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Greenhouse, Windbreak & Planting a Cherry

It’s been a messy week, but I’ve managed to get some productive time outside. One of the weather patterns we have here is that fairly miserable days brighten up no end towards the end of the day. With the long days we’re enjoying now that means I can keep going until 8pm or even 9pm.

Greenhouse Planted Up

Greenhouse Planting

Greenhouse Planted Up

16 tomatoes went into the greenhouse, leaving 2 small plants to grow on a bit in the potting shed along with the 2 Crimson Crush plants that arrived free from Dobies to trial that are now potted and growing on in the potting shed.

I’m using the solar potting shed rather than the greenhouse for seedlings because it provides loads of light with its front and overhead glazing but because of the rest being wood, doesn’t cool down as quickly and as far the greenhouse. The younger plants in particular benefit from the more even temperature.

Around the edges of the greenhouse I’ve planted up a dozen marigolds – not because they look good and brighten up the greenhouse but because marigolds deter whitefly which was a problem last year.

I’ve still to plant a cucumber and I’ll grow some lettuce in the border. On the bench I’ve room for an aubergine and a couple of chilli peppers. The sweet peppers will be grown in the solar potting shed.

Preparing to Plant out the Windbreak

I’ve 20 leylandii to go in as a windbreak in the top field. My intention was to spray off a strip of grass but having given it a bit more thought, I’m handling it organically.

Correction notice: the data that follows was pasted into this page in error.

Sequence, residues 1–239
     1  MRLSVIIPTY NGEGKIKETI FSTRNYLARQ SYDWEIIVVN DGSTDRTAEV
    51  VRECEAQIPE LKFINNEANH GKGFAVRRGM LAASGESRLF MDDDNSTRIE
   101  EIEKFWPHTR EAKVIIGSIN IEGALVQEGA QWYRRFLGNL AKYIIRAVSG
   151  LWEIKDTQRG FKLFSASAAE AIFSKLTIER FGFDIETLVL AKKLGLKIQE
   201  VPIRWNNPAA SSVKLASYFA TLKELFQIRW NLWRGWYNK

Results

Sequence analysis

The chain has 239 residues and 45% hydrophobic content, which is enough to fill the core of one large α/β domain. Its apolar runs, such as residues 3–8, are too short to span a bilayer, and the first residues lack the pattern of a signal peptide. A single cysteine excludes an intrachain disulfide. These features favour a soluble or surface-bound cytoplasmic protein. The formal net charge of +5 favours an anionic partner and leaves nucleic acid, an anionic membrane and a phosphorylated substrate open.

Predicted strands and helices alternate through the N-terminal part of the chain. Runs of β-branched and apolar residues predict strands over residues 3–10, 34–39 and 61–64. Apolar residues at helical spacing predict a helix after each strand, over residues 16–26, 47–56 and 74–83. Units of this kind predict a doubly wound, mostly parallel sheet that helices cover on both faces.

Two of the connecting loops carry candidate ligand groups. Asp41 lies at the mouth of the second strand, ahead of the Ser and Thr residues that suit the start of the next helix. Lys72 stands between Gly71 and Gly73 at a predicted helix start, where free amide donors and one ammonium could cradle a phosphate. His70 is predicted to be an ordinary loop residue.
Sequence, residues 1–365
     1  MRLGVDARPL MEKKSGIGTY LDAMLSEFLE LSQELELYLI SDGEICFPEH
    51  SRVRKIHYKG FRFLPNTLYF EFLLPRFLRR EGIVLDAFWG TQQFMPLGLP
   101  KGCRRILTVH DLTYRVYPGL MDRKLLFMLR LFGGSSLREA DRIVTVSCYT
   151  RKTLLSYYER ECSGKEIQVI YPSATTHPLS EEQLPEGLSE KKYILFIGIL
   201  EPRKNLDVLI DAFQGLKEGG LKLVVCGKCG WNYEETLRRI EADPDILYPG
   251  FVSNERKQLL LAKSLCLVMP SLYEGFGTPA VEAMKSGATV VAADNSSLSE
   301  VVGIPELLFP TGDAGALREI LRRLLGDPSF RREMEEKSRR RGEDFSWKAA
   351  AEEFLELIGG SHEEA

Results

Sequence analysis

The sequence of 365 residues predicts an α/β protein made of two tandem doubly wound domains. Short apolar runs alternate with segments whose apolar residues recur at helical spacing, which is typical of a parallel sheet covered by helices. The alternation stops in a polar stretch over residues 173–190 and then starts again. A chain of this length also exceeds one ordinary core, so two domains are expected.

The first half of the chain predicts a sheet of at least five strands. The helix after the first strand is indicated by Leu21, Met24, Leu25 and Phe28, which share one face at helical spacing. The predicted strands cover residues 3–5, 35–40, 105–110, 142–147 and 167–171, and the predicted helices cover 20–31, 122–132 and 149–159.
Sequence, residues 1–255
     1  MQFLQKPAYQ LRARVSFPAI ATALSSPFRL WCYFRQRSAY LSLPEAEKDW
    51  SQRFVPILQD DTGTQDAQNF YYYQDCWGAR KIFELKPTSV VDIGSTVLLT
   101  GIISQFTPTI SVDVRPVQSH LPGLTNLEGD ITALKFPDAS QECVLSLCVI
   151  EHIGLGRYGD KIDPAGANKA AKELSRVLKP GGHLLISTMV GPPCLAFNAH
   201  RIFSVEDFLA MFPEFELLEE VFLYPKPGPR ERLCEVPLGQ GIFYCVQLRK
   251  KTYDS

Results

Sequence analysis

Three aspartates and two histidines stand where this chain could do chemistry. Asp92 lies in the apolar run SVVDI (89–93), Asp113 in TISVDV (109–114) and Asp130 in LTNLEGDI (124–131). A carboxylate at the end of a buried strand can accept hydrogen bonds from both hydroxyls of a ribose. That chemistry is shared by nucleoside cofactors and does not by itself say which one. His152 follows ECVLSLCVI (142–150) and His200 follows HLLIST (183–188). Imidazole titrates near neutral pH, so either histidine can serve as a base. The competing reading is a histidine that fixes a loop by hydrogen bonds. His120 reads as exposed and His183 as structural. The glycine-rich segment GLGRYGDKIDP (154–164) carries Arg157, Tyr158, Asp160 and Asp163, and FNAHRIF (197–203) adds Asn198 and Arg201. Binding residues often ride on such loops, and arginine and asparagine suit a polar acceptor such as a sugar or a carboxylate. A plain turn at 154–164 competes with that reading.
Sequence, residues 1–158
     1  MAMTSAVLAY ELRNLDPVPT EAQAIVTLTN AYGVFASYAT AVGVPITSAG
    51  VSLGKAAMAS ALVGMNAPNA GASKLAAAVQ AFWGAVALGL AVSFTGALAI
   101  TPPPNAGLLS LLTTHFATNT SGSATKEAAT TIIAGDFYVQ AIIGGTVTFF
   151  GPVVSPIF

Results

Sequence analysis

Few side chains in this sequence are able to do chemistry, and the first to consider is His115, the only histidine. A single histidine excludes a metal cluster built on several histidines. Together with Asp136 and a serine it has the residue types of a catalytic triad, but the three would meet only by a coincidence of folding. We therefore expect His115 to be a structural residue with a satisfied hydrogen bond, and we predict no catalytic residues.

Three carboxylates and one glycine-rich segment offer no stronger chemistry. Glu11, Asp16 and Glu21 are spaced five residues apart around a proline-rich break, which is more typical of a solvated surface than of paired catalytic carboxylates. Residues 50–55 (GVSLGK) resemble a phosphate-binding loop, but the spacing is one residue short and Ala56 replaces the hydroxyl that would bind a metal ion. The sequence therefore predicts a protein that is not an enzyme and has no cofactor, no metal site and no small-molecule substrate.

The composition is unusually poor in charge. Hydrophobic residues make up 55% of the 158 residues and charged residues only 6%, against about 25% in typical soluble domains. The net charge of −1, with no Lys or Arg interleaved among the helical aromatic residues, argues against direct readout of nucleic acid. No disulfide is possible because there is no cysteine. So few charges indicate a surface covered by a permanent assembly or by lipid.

The plan is to mow the grass fairly low, plant the trees and then lay a decent quality weed mat over, which will be covered in bark chippings. The mat can go straight onto the grass, it will kill it off and stop it competing with the small trees.

The mat will be held down with copper staples. Plastic pegs are all but useless on this stony soil. The mat will allow water through so the trees will be fine.

Mowing was not so simple. I’m sure this soil grows rocks! About 4 times I heard the crunch as the blades hit a rock so I had to stop mowing and firtle about in the grass pulling out rocks that should be in the wall.

Anyway, as I had the mower going I just carried on cutting the rest of the field. Didn’t do it all by any means but some is better than nothing. The clippings are being used for mulching on the other side of the holding around the fruit bushes.

I’m learning new techniques here to cope with large area and mulching with grass cuttings saves a lot of time and effort. Of course the mulch rots down into the soil over time, but that’s a benefit in itself as it improves the soil.

The lack of organic matter in the soil is noticeable as the worm population is low. I’ll know I’ve cracked it when every spadeful of soil has some worms in it.

Planted a Cherry Tree

Up by the old pig-sty that’s now a shed, I’ve a patch that has gooseberries in front and then a rough grassed patch to a tall dry stone wall where a self seeded fuchsia is doing well in the corner.

I’d sprayed off the grass and when it died burnt it with a flameweeder. I suppose I could have stripped the turf but it was easier to run the Merry Tiller over it, breaking it up and cultivating the soil below. The problem being, as usual, all the rocks. The Merry Tiller generally just kicks them up whereas a spade bounces.

The cherry went in a few feet from the wall leaving room for a loganberry below, towards the gooseberries, once I’ve the supports erected. Once again, covering with grass mulch will stop weeds and rough grass from growing whilst improving the soil.

Posted in Allotment Garden Diary

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